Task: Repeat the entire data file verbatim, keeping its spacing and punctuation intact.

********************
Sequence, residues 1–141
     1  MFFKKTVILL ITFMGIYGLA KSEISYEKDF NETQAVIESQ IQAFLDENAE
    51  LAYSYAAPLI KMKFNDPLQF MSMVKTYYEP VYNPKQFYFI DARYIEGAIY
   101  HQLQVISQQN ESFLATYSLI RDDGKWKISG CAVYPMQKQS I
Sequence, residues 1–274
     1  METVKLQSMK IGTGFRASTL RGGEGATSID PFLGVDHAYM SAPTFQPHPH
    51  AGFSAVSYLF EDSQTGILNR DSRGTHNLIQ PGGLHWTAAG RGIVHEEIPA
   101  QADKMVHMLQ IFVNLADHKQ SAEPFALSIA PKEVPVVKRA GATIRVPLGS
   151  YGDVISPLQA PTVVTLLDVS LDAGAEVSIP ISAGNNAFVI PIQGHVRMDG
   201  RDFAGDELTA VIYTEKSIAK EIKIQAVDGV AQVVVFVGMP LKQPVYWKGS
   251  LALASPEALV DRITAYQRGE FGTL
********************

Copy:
Sequence, residues 1–141
     1  MFFKKTVILL ITFMGIYGLA KSEISYEKDF NETQAVIESQ IQAFLDENAE
    51  LAYSYAAPLI KMKFNDPLQF MSMVKTYYEP VYNPKQFYFI DARYIEGAIY
   101  HQLQVISQQN ESFLATYSLI RDDGKWKISG CAVYPMQKQS I
Sequence, residues 1–274
     1  METVKLQSMK IGTGFRASTL RGGEGATSID PFLGVDHAYM SAPTFQPHPH
    51  AGFSAVSYLF EDSQTGILNR DSRGTHNLIQ PGGLHWTAAG RGIVHEEIPA
   101  QADKMVHMLQ IFVNLADHKQ SAEPFALSIA PKEVPVVKRA GATIRVPLGS
   151  YGDVISPLQA PTVVTLLDVS LDAGAEVSIP ISAGNNAFVI PIQGHVRMDG
   201  RDFAGDELTA VIYTEKSIAK EIKIQAVDGV AQVVVFVGMP LKQPVYWKGS
   251  LALASPEALV DRITAYQRGE FGTL